syllabus hotspot syllabus hotspot syllabus hotspot austen hotspot austen hotspot austen hotspot dickens hotspot dickens hotspot dickens hotspot dickens hotspot dickens hotspot eliot hotspot eliot hotspot eliot hotspot hardy hotspot thackeray hotspot thackeray hotspot thackeray hotspot thackeray hotspot thackeray hotspot novel page hotspot novel page hotspot novel page hotspot novel page hotspot


     This page is under construction.  Because of time constraints, I have only been able to jot down some notes on this topic.


  • Is the religious fervor of their love a sublimation of sexual passion?  The Spanish director Luis Buñuel focuses on the conflict between religious belief and sexual passion in his adaptation Los abismos de pasion.

  • Is the love of Catherine and Heathcliff sexual? Is it true that even when Catherine is clasped to Heathcliff's breast "we dare not doubt her purity" (Sidney Dobell, 1840); Swinburne agrees with Dobell because theirs is a "passionate and ardent chastity."

  • Incest:
    1. Is Heathcliff really Mr. Earnshaw's illegitimate son?
    2. If not, are Catherine and Heathcliff raised so like brother and sister that there is emotional incest? or the hint of incest? English law did not allow the marriage of siblings by adoption and of non-related/non-adopted children raised in the same household; this prohibition would seem to apply to Catherine and Heathcliff. Christopher Heywood suggests that by using the name of a son who had died, the Earnshaws precluded his marrying Catherine. Does this legal prohibition reinforce the implication of incest in their love? 
  • 3. Is Cathy really Heathcliff's child, so that Cathy and Linton are half brother and sister?

  •  If the marriage of Linton and Cathy is unconsummated, it could be declared void, if challenged. 

  • Richard Chase sees Emily, like her sisters, presenting a masculine universe informed by sexual energy or élan. Catherine seems to fear Heathcliff, presumably because, as the embodiment of the spirit of the wild Yorkshire moors and the universal élan, he cannot be tamed:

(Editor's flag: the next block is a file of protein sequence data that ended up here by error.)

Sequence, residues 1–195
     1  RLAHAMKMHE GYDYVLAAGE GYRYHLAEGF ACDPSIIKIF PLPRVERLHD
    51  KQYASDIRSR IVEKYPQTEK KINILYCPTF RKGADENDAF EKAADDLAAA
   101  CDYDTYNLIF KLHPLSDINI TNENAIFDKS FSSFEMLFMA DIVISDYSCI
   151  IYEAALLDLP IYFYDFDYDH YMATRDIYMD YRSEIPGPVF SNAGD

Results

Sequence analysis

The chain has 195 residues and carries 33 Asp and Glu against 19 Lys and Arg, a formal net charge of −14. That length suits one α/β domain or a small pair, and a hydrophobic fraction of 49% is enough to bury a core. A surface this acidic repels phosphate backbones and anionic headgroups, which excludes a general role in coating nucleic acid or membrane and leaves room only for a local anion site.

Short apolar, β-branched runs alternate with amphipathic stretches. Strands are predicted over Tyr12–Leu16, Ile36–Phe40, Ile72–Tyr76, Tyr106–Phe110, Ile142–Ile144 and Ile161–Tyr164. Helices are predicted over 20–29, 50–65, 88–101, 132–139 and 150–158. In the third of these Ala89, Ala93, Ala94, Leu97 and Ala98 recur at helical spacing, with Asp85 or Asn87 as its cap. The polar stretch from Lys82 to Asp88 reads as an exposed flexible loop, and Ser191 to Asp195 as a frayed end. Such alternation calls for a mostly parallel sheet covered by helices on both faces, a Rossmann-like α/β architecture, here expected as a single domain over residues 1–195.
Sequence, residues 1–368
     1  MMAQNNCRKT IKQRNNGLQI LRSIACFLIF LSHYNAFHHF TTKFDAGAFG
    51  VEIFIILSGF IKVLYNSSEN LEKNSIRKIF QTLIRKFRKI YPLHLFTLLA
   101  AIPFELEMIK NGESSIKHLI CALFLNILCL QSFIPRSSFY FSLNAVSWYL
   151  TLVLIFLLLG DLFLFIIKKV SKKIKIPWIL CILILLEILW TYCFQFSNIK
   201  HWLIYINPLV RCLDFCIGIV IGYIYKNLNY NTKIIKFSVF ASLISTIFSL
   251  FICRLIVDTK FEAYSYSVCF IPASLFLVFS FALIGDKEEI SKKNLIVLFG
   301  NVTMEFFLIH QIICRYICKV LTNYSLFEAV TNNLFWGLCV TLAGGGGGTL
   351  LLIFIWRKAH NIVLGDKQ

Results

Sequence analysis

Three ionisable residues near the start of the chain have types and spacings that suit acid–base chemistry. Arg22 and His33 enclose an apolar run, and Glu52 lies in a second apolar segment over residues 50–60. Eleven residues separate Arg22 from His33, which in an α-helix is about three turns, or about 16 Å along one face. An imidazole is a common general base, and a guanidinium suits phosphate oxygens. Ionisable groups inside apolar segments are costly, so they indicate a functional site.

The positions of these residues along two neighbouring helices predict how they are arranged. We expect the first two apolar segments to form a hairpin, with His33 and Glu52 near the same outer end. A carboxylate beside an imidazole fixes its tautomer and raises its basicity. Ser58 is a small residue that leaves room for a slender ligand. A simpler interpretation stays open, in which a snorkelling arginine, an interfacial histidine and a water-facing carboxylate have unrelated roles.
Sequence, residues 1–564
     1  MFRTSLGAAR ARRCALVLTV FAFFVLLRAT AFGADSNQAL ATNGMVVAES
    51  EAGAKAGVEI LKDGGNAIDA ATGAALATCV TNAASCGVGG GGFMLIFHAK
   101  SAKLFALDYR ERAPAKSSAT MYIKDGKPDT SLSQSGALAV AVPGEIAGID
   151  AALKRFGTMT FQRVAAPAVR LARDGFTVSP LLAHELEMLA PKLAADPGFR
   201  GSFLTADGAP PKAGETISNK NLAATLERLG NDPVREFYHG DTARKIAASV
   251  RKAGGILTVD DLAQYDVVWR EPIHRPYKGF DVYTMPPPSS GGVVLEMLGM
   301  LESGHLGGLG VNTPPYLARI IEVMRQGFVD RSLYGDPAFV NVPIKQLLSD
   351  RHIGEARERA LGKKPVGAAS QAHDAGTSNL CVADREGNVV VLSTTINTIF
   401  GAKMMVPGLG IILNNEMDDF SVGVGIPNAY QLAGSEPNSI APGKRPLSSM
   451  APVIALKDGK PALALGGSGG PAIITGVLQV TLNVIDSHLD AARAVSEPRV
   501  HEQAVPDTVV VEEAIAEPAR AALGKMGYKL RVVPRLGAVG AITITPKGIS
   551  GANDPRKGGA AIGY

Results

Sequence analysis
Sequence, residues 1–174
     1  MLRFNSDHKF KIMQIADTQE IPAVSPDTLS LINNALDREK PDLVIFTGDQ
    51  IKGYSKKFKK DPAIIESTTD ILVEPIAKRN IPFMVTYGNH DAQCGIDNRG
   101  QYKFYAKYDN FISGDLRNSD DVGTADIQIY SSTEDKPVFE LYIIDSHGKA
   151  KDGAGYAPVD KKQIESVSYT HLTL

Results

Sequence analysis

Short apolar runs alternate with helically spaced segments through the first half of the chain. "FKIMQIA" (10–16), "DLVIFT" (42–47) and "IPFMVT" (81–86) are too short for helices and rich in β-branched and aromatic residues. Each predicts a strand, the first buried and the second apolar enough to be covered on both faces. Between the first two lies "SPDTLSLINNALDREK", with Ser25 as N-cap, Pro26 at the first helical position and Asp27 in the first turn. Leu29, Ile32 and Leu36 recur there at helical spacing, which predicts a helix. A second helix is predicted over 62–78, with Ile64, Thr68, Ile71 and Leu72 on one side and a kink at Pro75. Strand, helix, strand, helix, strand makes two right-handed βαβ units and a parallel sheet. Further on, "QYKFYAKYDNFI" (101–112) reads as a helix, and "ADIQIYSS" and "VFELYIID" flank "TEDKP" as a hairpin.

We realize that with a few readjustments of the plot he need not have entered the story as a human being at all. His part might have been played by Fate or Nature or God or the Devil. He is sheer dazzling sexual and intellectual force. As Heathcliff expires at the end of the book, we feel, not so much that a man is dying, as that an intolerable energy is flagging. And we see that Heathcliff without energy cannot possibly survive in human form.... The two novels Wuthering Height and Jane Eyre end similarly: a relatively mild and ordinary marriage is made after the spirit of the masculine universe is controlled or extinguished.

  • The point about Heathcliff's impersonality or non-humanness has been made repeatedly by critics. According to Chase, both Emily and Charlotte Brontë suffered from a failure in nerve; in different ways, both backed off from uniting their heroines and their demonic lovers. Thus, in his reading,  their novels explore the neuroses of women in a patriarchal society.

  • Is Catherine's marrying Edgar is an attempt to escape the adult sexuality of Heathcliff? If so, then how do we account for her emphatic hope to produce several heirs for Edgar? And is there any reason to assume that Edgar is not capable of healthy or normal sexual relations?

Brontë: Table of Contents

Day 1

Overview of Emily Brontë
Publication of Wuthering Heights & Contemporary Critics
Later Critical response to Wuthering Heights
Film Versions of Wuthering Heights

Day 2 Themes in Wuthering Heights
The Narrator
Day 3 Wuthering Heights as Socio-Economic Novel
Psychological Interpretations of Wuthering Heights
Religion, Metaphysics, Mysticism and Wuthering Heights
The Gothic and Wuthering Heights
Romanticism and Wuthering Heights
Day 4

"I am Heathcliff"
Emily Bronte's Poetry


March 22, 2011